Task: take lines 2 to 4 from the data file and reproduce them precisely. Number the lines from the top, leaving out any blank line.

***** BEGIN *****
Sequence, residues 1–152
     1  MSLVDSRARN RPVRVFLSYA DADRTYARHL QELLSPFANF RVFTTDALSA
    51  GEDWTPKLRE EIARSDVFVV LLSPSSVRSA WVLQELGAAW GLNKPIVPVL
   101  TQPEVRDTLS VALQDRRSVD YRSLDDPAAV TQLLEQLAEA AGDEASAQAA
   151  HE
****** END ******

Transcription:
     1  MSLVDSRARN RPVRVFLSYA DADRTYARHL QELLSPFANF RVFTTDALSA
    51  GEDWTPKLRE EIARSDVFVV LLSPSSVRSA WVLQELGAAW GLNKPIVPVL
   101  TQPEVRDTLS VALQDRRSVD YRSLDDPAAV TQLLEQLAEA AGDEASAQAA